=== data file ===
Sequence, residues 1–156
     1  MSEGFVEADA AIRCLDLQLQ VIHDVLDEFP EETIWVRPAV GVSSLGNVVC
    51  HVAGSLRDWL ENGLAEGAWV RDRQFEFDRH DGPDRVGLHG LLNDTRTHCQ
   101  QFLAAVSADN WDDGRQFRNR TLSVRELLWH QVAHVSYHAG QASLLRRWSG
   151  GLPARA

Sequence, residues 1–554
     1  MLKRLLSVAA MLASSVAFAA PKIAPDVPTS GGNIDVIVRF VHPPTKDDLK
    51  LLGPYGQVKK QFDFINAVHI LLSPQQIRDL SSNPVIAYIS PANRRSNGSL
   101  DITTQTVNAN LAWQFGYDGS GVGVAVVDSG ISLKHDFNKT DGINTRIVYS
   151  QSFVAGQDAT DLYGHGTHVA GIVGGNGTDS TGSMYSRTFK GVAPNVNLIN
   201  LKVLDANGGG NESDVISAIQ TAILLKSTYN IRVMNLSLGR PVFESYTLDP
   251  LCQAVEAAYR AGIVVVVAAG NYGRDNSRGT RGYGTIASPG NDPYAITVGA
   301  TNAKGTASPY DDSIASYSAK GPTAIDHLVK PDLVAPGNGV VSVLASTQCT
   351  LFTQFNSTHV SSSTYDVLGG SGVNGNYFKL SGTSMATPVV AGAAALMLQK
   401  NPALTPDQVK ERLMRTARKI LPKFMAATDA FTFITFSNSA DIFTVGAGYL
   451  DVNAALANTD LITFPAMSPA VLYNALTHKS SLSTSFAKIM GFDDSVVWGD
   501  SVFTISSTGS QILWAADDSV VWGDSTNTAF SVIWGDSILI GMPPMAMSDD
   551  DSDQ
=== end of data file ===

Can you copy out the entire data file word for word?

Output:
Sequence, residues 1–156
     1  MSEGFVEADA AIRCLDLQLQ VIHDVLDEFP EETIWVRPAV GVSSLGNVVC
    51  HVAGSLRDWL ENGLAEGAWV RDRQFEFDRH DGPDRVGLHG LLNDTRTHCQ
   101  QFLAAVSADN WDDGRQFRNR TLSVRELLWH QVAHVSYHAG QASLLRRWSG
   151  GLPARA

Sequence, residues 1–554
     1  MLKRLLSVAA MLASSVAFAA PKIAPDVPTS GGNIDVIVRF VHPPTKDDLK
    51  LLGPYGQVKK QFDFINAVHI LLSPQQIRDL SSNPVIAYIS PANRRSNGSL
   101  DITTQTVNAN LAWQFGYDGS GVGVAVVDSG ISLKHDFNKT DGINTRIVYS
   151  QSFVAGQDAT DLYGHGTHVA GIVGGNGTDS TGSMYSRTFK GVAPNVNLIN
   201  LKVLDANGGG NESDVISAIQ TAILLKSTYN IRVMNLSLGR PVFESYTLDP
   251  LCQAVEAAYR AGIVVVVAAG NYGRDNSRGT RGYGTIASPG NDPYAITVGA
   301  TNAKGTASPY DDSIASYSAK GPTAIDHLVK PDLVAPGNGV VSVLASTQCT
   351  LFTQFNSTHV SSSTYDVLGG SGVNGNYFKL SGTSMATPVV AGAAALMLQK
   401  NPALTPDQVK ERLMRTARKI LPKFMAATDA FTFITFSNSA DIFTVGAGYL
   451  DVNAALANTD LITFPAMSPA VLYNALTHKS SLSTSFAKIM GFDDSVVWGD
   501  SVFTISSTGS QILWAADDSV VWGDSTNTAF SVIWGDSILI GMPPMAMSDD
   551  DSDQ